Pulling it all Together – Part 4

Hello and Happy Monday to everyone. 

How is your comment letter coming along?  Please continue to send us your questions about your comment letter to info@chwha.org.  Also, if you have already sent in your comment letter and would like us to share it on our website, we will make a page for the comment letters shared with us during this round of comments. 

REMEMBER: Your comments ONLY count when you enter them on the Park’s Planning website: https://parkplanning.nps.gov/document.cfm?parkID=167&projectID=105110&documentID=132035 or when you send it by mail to: Superintendent, Theodore Roosevelt National Park, P.O. Box 7, Medora, ND 58645.

THAT is the BEST way that you can help the wild horses of Theodore Roosevelt National Park right now.

We know that Theodore Roosevelt National Park listed a series of National Park Service polices that justify their need to remove the wild horses from Theodore Roosevelt National Park.  We know that there are also polices that allow horses to stay on National Park Service lands because there is not a concerted effort to remove the 1,000 wild horses from ALL National Parks – just the 200 at Theodore Roosevelt National Park.

The Park also stated in their Draft EA:

1.2.2 Relationship to Existing Laws and Policies

There is no legislation directing the NPS to maintain horses or cattle in the Park, and horses on NPS units do not fall under the jurisdiction of the Wild Free-Roaming Horses and Burros Act, which only applies to horses on lands managed by the US Forest Service and the Bureau of Land Management.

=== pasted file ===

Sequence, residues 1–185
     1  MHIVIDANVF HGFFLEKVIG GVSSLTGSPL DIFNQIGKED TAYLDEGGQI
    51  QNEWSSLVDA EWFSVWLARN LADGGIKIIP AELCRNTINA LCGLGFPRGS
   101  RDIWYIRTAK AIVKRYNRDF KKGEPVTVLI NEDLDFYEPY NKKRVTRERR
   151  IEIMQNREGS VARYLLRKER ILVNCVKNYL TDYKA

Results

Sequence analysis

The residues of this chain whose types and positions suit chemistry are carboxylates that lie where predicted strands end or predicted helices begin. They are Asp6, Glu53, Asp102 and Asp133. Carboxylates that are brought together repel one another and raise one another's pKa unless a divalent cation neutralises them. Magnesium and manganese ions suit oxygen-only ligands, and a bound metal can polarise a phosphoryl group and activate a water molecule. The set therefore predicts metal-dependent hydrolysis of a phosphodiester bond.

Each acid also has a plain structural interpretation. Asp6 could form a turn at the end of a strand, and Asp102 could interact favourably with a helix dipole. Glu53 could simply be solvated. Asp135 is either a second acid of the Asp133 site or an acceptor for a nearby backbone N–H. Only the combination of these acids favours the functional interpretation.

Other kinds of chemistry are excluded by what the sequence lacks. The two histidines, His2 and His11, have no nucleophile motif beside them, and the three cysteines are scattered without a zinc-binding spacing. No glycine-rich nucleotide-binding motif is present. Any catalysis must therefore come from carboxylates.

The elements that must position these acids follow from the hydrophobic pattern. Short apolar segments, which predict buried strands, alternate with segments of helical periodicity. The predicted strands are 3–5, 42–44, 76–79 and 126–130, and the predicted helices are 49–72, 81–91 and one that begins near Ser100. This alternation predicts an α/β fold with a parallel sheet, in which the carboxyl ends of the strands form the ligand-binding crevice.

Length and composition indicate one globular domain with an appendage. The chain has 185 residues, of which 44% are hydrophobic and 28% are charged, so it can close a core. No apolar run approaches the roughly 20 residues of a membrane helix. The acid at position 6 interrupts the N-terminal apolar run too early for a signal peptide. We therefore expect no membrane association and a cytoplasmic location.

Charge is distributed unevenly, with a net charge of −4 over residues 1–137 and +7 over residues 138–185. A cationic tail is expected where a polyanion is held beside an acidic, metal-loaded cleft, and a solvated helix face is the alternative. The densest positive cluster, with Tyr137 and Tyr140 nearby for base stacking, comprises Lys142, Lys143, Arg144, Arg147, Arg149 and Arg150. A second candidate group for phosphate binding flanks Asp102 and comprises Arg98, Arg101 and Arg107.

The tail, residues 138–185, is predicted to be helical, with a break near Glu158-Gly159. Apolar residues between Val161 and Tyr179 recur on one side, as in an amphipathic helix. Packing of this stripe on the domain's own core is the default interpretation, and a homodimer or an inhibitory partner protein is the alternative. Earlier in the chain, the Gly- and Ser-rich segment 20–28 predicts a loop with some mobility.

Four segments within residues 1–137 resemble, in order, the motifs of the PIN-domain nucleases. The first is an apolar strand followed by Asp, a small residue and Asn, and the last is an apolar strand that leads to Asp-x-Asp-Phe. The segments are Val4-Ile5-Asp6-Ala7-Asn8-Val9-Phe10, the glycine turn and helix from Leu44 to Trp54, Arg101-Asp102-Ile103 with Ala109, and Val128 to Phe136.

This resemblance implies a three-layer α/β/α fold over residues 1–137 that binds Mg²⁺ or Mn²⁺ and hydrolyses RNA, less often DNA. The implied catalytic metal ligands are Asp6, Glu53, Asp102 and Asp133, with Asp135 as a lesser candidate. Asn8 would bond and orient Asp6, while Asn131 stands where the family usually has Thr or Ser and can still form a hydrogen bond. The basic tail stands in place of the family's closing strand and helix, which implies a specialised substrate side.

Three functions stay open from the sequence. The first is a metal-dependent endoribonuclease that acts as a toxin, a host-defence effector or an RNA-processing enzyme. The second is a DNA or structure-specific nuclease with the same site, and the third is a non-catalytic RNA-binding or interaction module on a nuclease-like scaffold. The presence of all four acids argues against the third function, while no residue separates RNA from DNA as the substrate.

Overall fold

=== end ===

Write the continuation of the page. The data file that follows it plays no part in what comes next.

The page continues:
That seems to be a shift from what they told us at the Civic Engagement Meeting in January of this year when they were emphasizing all of the policy violations as a result of allowing the horses to stay in the Park.

For the purpose of this blog, I wanted to share some of the laws/policies/regulations that Chasing Horses Wild Horse Advocates cited in our last comment letter for the comment period that ended in January 2023. The purpose of this is to show you that there are also laws that work in our favor.  These are also things that you can cite in your comment letter. 

Thank you for your support and have a great week!

NPS, and the National Park System as a whole, were established by Congress in 1916 through the Organic Act. See 54 U.S.C. §§ 100101-104909. Unlike other federal land management statutes that require a balance between conservation and extractive uses, the Organic Act focuses exclusively on the preservation of the nation’s park lands and the resources found therein. Cf. 43 U.S.C §§ 1701(a), 1702(c) (the Federal Land Policy and Management Act’s multiple-use mandate). Often referred to as NPS’s “non-impairment mandate,” Section 1 of the Organic Act provides that NPS: [S]hall promote and regulate the use of the National Park System by means and measures that conform to the fundamental purpose of the System units, which purpose is to conserve the scenery, natural and historic objects, and wild life in the System units and to provide for the enjoyment of the scenery, natural and historic objects, and wild life in such manner and by such means as will leave them unimpaired for the enjoyment of future generations.